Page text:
Watch Representative @SteveScalise tell the National Prayer Breakfast “you can’t separate church from state.”
PRO TIP: If you can’t figure out how to be a legislator without making laws based on your religious beliefs — you’re in the wrong line of work. pic.twitter.com/eYDzhAkiWa
— Secular Coalition for America (@seculardotorg) February 9, 2018
Look, everybody makes mistakes, but basic errors tend to stick out when you’re a congressman. Rep. Steve Scalise (R-Louisiana 1st District) appeared Thursday at the National Prayer Breakfast in Washington D.C., where he said founding father Thomas Jefferson wrote the U.S. Constitution. His words.
“This was a nation founded with a deep belief in God,” he told the audience. “Our founding fathers talked about it when they were preparing to draft the Constitution. In fact, Thomas Jefferson, who was the author of the Constitution–if you go to the Jefferson memorial right now, go read this inscription from Thomas Jefferson …”
Jefferson, who drafted the Declaration of Independence, did not write the Constitution. He was overseas as U.S. minister to France during the Constitutional Convention of 1787. That said, he did write about it. A December 1787 letter to James Madison shows him complaining about the lack of a bill of rights.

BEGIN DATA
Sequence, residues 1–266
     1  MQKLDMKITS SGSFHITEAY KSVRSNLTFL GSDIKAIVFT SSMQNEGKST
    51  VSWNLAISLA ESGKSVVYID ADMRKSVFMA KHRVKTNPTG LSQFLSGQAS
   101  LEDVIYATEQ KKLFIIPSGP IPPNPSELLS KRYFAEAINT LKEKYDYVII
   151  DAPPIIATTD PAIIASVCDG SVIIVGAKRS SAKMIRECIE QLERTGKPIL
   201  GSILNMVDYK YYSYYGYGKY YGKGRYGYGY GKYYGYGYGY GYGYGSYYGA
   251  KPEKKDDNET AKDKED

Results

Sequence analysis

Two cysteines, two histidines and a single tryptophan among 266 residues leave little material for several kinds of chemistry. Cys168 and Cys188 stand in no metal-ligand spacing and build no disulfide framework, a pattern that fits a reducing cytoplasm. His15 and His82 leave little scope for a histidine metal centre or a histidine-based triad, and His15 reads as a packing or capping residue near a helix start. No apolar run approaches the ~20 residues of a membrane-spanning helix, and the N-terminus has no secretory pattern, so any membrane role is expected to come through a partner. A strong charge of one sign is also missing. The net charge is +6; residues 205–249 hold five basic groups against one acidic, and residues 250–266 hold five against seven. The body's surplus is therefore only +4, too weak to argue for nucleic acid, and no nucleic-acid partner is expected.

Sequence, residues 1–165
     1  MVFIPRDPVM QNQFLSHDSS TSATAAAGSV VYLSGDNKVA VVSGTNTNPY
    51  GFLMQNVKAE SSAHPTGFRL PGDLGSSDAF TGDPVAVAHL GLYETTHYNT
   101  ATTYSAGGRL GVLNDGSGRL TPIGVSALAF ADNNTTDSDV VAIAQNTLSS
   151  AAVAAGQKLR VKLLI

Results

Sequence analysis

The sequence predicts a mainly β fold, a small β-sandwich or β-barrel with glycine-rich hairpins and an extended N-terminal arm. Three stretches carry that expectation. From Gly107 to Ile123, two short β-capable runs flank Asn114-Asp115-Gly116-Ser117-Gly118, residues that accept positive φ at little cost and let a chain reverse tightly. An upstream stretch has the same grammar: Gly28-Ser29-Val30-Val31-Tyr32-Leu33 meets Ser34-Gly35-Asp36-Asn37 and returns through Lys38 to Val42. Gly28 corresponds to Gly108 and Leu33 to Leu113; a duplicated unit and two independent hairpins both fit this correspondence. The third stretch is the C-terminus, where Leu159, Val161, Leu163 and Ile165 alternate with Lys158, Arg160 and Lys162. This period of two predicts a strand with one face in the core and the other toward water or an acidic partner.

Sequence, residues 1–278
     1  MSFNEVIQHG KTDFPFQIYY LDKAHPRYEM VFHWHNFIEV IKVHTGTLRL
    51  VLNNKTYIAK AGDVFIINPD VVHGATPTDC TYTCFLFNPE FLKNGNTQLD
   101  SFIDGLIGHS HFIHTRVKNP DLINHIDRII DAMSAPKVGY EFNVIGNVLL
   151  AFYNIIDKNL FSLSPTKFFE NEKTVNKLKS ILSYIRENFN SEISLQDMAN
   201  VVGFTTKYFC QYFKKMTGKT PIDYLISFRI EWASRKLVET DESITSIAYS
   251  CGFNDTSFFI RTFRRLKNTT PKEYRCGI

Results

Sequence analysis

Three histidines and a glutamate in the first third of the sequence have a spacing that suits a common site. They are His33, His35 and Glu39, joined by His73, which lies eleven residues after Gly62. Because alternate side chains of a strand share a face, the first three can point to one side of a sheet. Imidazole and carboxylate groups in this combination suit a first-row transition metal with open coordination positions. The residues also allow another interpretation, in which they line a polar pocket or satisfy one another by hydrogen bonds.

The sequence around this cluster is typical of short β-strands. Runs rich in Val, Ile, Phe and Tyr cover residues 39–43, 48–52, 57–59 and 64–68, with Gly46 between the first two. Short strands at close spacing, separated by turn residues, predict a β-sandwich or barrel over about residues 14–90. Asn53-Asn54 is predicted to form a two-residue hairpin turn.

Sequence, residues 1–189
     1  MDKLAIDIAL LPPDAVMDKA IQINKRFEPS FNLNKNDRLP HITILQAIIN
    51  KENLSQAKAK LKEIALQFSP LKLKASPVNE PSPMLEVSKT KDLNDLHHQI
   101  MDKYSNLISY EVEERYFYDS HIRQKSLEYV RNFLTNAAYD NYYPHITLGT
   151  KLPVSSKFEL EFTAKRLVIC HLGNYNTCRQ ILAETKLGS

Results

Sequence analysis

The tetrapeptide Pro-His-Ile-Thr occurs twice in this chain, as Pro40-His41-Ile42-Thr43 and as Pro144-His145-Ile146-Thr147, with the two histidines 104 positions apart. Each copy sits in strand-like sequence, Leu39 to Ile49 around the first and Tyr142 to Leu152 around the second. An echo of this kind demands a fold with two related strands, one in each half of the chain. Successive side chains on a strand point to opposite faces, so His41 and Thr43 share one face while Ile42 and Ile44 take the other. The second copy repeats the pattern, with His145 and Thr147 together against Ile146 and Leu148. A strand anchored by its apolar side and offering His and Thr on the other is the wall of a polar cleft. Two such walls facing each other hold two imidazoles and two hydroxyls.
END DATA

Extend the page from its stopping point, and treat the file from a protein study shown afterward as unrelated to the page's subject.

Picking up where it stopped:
“I will now add what I do not like,” he wrote. “First the omission of a bill of rights providing clearly & without the aid of sophisms for freedom of religion, freedom of the press, protection against standing armies, restriction against monopolies, the eternal & unremitting force of the habeas corpus laws, and trials by jury in all matters of fact triable by the laws of the land & not by the law of Nations.”
Madison, who actually attended the Constitutional Convention as a member of the Virginia delegation, addressed Jefferson’s complaint less than two years later. Then-Rep. Madison introduced to Congress what would end up becoming the first 10 amendments.
It’s a bit much to say Jefferson played no role whatsoever in the Constitution, but was he an author? No.
Scalise’s office did not return a Law&Crime request for comment Sunday afternoon.
[Screengrab via C-SPAN 2]